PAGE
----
Are You Afraid To Tell Your Boss You’re A Caregiver?
January 9, 2012 § Leave a comment
For many working people, the struggle between their jobs and elder care is becoming business as usual. The fear of job security, especially in today’s economy, can add even more stress to a caregiver’s already demanding life. Compound that with the worry of attracting ridicule from coworkers and the situation is bound to have some damaging effect on a worker’s performance and self esteem.
As people live longer, more women are working, family sizes grow smaller, federal and state aid decreases, the strain is bound to be felt in corporate America. The Families and Work Institute reports that 42 percent of workers in the U.S. are caregivers for a family member or friend. Even though there are so many people struggling to perform both as an employee and caregiver, there is still a stigma in the workplace. Many are reluctant to tell their supervisors of their situation fearing they will be viewed as uncommited to their job, given bad reviews or passed up for promotions. They may worry about resentment from coworkers who will have to pick up the slack when they are absent. Caregivers might also face a lack of empathy from bosses or coworkers that are too young to understand caring for an elderly parent.
The unpredictability of caregiving makes juggling regular employment difficult. Caregivers are many times on-call 24/7 and their mother with dementia unfortunately doesn’t make an appointment to fall down in the garage. Many companies don’t have policies in place to deal with employees that are also elder caregivers and as a result of this poor planning, they actually end up costing the company money. It is estimated that U.S. companies lose an estimated $33.6 billion a year in productivity with employees who are caregivers full time.
Much of the loss of productiveness can be attributed to stress. A preliminary study by the Sloan Center on Aging & Work finds caregivers of elder adults typically have more stress and depression than workers that aren’t caregivers and even more than those who have children. The AARP has reported 40 to 70 percent of caregivers have symptoms of depression. When stress and depression are involved it’s hard not to see how a person’s work can be effected.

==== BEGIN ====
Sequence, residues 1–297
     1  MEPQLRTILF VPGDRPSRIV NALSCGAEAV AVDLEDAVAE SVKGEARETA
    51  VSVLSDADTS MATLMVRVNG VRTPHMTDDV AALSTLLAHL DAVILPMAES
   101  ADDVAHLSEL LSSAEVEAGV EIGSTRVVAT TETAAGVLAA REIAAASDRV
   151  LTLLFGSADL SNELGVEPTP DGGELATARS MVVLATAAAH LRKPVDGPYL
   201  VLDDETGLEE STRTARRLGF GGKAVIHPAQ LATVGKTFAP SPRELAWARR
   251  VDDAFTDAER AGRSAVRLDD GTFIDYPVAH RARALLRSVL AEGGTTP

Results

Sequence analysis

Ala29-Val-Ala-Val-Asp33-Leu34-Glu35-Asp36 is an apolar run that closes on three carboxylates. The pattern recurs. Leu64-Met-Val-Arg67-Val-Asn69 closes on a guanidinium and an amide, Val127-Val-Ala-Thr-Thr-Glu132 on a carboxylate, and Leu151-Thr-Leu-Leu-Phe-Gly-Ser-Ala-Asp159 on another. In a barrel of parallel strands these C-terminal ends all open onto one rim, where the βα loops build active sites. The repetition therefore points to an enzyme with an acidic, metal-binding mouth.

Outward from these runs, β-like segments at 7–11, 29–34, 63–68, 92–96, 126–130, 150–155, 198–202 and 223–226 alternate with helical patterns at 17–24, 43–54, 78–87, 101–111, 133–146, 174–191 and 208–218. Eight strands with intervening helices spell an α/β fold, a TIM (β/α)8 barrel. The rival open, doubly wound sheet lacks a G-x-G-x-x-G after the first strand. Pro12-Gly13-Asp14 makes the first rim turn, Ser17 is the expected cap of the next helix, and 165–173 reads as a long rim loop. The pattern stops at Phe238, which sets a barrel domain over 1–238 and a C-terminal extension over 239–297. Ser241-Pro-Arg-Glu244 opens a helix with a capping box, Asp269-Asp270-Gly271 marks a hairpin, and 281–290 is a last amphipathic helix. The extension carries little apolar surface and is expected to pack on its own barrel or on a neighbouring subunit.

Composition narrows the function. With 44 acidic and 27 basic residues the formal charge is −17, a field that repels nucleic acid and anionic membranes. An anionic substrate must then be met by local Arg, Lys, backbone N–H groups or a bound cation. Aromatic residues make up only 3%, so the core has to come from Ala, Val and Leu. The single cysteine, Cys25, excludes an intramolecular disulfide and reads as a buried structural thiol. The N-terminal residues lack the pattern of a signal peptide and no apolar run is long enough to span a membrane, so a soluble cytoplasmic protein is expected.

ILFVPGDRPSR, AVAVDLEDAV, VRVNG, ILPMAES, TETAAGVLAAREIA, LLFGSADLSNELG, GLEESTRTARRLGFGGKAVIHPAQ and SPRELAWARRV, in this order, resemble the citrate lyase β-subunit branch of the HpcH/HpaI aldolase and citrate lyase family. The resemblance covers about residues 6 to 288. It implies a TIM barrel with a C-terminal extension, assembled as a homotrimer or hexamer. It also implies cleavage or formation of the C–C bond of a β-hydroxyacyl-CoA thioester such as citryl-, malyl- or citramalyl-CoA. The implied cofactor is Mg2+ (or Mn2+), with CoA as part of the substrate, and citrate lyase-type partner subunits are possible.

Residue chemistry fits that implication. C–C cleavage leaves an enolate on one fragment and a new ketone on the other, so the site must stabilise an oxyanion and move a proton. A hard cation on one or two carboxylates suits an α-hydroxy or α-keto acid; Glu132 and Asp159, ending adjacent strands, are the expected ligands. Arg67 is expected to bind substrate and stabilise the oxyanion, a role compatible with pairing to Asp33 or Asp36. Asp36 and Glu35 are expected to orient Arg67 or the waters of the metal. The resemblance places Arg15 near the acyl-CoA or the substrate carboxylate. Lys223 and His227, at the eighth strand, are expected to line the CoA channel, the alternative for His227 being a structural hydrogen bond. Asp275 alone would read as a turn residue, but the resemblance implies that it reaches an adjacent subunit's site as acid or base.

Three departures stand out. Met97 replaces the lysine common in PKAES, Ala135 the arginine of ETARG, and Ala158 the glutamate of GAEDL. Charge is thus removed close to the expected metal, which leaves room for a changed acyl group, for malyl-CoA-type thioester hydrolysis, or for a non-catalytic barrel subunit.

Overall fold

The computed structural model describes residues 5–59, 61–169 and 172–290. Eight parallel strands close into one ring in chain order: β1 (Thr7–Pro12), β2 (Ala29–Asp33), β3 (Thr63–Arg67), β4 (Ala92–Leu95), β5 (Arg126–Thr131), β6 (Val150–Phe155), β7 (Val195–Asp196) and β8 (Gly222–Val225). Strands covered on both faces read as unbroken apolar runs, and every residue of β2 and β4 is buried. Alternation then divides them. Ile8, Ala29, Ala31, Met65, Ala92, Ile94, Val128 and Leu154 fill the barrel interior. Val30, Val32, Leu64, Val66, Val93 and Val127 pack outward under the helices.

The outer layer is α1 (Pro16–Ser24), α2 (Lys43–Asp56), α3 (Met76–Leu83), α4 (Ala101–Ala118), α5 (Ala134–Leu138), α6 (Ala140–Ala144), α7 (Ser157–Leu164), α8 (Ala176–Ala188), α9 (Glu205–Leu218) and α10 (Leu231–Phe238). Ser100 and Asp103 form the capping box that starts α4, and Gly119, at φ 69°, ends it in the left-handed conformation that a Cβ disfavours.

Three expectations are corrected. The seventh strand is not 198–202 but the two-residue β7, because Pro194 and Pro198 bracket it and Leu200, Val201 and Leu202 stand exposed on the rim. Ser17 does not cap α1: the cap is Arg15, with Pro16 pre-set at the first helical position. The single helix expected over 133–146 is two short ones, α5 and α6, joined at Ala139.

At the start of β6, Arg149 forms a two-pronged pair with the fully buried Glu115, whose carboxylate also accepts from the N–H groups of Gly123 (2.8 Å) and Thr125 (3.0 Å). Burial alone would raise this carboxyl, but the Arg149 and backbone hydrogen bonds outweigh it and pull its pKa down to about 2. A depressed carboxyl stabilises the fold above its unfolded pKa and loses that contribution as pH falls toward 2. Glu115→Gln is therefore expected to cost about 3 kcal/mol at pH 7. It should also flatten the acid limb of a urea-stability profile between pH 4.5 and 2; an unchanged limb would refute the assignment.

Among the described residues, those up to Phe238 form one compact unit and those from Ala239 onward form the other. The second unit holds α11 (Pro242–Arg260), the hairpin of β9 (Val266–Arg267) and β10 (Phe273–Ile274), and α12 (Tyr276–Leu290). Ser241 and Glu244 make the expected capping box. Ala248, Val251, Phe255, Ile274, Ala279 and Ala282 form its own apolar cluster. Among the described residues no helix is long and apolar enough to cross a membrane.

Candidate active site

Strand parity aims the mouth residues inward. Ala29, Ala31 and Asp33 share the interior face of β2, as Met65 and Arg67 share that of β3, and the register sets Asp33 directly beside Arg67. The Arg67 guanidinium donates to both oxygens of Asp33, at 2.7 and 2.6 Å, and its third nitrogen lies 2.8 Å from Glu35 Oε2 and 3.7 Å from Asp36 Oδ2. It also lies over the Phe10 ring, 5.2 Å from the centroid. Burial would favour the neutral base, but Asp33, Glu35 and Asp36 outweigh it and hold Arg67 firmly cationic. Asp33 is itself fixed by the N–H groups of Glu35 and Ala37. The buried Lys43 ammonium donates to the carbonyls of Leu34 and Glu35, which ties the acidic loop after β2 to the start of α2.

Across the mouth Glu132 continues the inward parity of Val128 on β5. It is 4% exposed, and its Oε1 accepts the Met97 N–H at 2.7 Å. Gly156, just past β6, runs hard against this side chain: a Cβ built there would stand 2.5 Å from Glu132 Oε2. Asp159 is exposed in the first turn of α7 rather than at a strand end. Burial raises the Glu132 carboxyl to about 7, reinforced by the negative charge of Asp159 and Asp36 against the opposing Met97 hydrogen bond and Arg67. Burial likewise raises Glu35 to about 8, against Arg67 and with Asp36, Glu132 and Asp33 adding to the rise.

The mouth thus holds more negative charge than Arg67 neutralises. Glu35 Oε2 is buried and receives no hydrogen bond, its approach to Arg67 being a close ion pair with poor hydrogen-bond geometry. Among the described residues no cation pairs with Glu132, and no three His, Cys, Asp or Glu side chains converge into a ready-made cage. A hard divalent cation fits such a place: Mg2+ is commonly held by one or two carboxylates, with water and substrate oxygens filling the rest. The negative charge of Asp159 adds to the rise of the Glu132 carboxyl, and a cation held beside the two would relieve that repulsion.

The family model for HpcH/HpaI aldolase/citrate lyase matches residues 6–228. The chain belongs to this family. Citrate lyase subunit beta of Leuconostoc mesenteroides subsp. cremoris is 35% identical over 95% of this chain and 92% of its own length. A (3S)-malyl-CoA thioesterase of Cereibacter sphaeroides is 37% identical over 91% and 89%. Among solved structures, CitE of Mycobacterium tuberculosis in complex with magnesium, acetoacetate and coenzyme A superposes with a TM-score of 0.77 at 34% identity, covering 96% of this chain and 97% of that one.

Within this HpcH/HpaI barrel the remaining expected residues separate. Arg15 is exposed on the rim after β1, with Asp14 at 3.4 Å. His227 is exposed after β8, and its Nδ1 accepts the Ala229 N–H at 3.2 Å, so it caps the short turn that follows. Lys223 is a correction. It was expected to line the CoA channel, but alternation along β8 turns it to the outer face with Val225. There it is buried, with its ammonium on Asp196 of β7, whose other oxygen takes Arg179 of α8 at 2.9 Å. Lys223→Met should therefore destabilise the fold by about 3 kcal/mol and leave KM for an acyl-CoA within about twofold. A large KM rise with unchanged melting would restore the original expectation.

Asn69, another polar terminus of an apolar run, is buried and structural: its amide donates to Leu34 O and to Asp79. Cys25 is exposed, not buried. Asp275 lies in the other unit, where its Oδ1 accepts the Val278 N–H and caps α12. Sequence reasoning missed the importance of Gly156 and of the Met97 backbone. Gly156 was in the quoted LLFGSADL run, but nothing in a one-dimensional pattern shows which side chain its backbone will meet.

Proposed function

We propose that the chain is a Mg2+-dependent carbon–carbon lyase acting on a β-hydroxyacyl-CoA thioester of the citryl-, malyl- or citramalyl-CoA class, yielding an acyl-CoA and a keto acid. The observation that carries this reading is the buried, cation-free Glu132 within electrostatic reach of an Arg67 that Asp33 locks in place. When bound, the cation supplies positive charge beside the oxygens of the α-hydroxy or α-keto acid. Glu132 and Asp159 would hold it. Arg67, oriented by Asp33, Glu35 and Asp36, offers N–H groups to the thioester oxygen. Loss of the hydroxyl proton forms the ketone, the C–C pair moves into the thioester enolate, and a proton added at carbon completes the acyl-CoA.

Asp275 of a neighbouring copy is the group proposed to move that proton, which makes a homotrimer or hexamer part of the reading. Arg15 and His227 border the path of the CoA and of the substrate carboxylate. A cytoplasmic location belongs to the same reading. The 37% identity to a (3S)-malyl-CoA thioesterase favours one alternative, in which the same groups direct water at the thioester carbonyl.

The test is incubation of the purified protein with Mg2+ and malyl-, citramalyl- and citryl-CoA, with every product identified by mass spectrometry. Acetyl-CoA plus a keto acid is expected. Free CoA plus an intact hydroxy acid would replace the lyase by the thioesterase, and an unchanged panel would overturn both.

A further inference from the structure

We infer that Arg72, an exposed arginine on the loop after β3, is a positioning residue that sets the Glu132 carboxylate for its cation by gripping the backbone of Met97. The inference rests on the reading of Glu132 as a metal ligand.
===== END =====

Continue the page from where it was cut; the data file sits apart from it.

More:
So what should you do if you are a caregiver and trying to hold down a job? Susan Hackley of the Harvard Law School has this advice:
- Share your situation and explain you can still do your job while caring for your family.
- Remind the boss that you are committed to your job and want to be honest.
- Describe the problem and suggest solutions like working from home, leaving early but making up the time, taking a paid or unpaid leave.
- Invite your boss to discuss concerns.
There is no doubt that being a caregiver is stressful enough without having to worry about keeping your job. Having an open dialog with all parties involved will help avoid confusion and incorrect assumptions.
If you have any questions or concerns about caring for a family member, please contact the Law Office of Dawn M. Weekly, PC. The law firm located in Sandwich, Illinois and focuses on elder law and Life Care Planning for clients. Their office may be reached by calling 815-570-2334.
Every day of every week, Weekly Law is there for you.